When I joined State Pest Control in 2007, Wes Wooten, the company’s new owner, had a vision to grow. Established in 1970, State Pest Control had built a solid reputation in Sampson County, N.C., but Wes saw greater potential and brought me on to not only continue growing the business within the county, but also develop new accounts in the central part of the state. We knew there was a need in the central counties because prospective customers there were picking up the phone to ask us if we would service their area.
Whether they had heard of us through our Sampson County customers or had seen our trucks (which are really rolling billboards for State Pest), we weren’t about to say “no” to business. We went anywhere customers asked us to go and, within two years, we had expanded into four more counties. Of course, we had to hire additional technicians. Then our growth snowballed. We found ourselves servicing accounts that were well out of our target footprint and operating much less efficiently than we would have liked. Here are the issues our unmanaged growth created:
- Our bottom line suffered because (a) we were spending too much on fuel driving from account to account; and (b) our employees weren’t able to make enough stops to be profitable. They were spending so much time driving that they might make only a half-dozen stops a day. Our new philosophy became that if a customer lives farther than a 20-minute drive from one of our offices, it is not profitable for us. (Our ultimate goal is to have offices throughout the state so all potential customers are within that 20-minute drive.) We tightened up our footprint and found that technicians who had been servicing scattered routes are now able to make more stops. One technician doubled his stops — from six to eight a day to 10 to 14.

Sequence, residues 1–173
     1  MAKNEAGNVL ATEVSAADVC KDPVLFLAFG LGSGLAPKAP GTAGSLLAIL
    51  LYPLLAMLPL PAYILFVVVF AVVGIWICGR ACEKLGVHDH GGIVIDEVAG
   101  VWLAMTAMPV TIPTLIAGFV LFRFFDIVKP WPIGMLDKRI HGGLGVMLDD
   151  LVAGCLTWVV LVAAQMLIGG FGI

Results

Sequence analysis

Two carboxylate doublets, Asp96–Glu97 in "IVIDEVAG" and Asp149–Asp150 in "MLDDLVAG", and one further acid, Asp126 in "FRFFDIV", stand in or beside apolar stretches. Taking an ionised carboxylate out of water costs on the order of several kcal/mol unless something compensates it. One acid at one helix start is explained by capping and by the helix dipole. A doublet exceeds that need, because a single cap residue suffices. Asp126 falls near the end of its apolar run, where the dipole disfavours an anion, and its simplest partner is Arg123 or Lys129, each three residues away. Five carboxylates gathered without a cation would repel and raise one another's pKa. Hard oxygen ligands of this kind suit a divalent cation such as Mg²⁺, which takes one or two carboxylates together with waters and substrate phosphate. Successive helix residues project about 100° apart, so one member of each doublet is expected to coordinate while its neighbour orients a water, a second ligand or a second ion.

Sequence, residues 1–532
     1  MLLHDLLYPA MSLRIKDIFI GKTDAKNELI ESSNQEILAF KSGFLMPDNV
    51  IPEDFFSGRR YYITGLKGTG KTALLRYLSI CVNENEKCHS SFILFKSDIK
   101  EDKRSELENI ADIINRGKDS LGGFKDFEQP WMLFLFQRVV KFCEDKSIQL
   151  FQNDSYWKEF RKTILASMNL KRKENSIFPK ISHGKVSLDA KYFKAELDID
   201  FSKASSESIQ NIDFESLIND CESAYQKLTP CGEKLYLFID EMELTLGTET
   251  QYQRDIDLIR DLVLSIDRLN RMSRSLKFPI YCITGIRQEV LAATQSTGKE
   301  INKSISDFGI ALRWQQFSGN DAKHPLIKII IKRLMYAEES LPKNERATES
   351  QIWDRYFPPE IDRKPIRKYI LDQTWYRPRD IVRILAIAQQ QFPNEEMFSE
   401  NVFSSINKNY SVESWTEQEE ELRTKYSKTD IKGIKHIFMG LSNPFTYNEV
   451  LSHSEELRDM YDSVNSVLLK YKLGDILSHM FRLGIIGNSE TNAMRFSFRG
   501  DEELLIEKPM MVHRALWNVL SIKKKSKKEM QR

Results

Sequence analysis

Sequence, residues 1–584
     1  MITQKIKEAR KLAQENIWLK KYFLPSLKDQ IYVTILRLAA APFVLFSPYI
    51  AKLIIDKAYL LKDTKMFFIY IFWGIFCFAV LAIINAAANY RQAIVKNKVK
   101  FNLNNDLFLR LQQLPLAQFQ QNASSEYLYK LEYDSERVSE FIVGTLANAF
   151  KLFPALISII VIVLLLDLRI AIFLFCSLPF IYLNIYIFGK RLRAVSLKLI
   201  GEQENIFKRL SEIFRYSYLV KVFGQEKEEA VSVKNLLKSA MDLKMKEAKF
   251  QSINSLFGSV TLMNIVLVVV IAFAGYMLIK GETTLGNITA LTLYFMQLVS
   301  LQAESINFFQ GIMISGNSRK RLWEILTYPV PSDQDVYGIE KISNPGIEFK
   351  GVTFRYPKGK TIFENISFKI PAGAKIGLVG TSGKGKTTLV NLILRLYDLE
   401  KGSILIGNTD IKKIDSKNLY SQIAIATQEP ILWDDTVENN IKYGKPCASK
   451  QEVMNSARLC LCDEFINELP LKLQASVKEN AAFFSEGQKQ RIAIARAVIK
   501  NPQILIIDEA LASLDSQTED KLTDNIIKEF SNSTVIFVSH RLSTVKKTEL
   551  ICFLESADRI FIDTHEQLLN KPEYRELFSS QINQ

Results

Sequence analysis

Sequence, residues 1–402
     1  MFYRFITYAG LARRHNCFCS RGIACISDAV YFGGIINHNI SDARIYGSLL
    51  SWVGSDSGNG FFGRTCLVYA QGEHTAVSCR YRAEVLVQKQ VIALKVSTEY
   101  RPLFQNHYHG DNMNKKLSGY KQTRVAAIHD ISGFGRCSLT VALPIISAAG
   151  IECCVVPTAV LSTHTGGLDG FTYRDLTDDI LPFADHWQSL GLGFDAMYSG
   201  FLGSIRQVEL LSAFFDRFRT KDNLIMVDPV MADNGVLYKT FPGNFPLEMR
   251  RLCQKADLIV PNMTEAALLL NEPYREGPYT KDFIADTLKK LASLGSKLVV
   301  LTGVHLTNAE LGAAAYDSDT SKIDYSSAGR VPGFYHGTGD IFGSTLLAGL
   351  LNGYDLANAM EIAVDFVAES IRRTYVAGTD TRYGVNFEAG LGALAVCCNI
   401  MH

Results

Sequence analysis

- Our employees weren’t making as much money as they could have been. Again, long drive times were lowering production, and when you’re paying your people a percentage of production, this can really hurt their paychecks. Now that they’re spending more time servicing accounts and less time on the road, production — and resultant pay — have increased significantly.
- Our customers, in many cases, were not getting the prompt service they would have liked, particularly when it came to callbacks. We lost some customers because we couldn’t get to them quickly enough, which was unacceptable to us. When we began growing the business in 2007, quality of service was our core value. We were committed to doing the job right the first time, but in cases where a customer did need a callback, we would strive to re-treat within a 24-hour period. Our old way of growing wouldn’t allow this. Our new way of growing — within our target footprint — does.
How did we regain control and tighten up our footprint? At the end of 2010, we began making strategic acquisitions in our areas of greatest growth. We acquired four businesses in four years, and we’ve opened three offices in addition to our corporate office in Clinton, which enables us to serve customers within a 100-mile radius. Our profitability has grown, our technicians are more satisfied with their pay and service areas, and our customers are enjoying great service again (and staying with us!).
Growth is good — it’s what most of us strive for — but if it’s not managed wisely, it puts stress on owners, managers, employees and customers. We’re grateful that we have been able to leverage our growth even though it was out of hand for a while, but, if we had the opportunity to do it again, we would have had a well-thought-out growth plan and stuck to it!
As told to Donna DeFranco.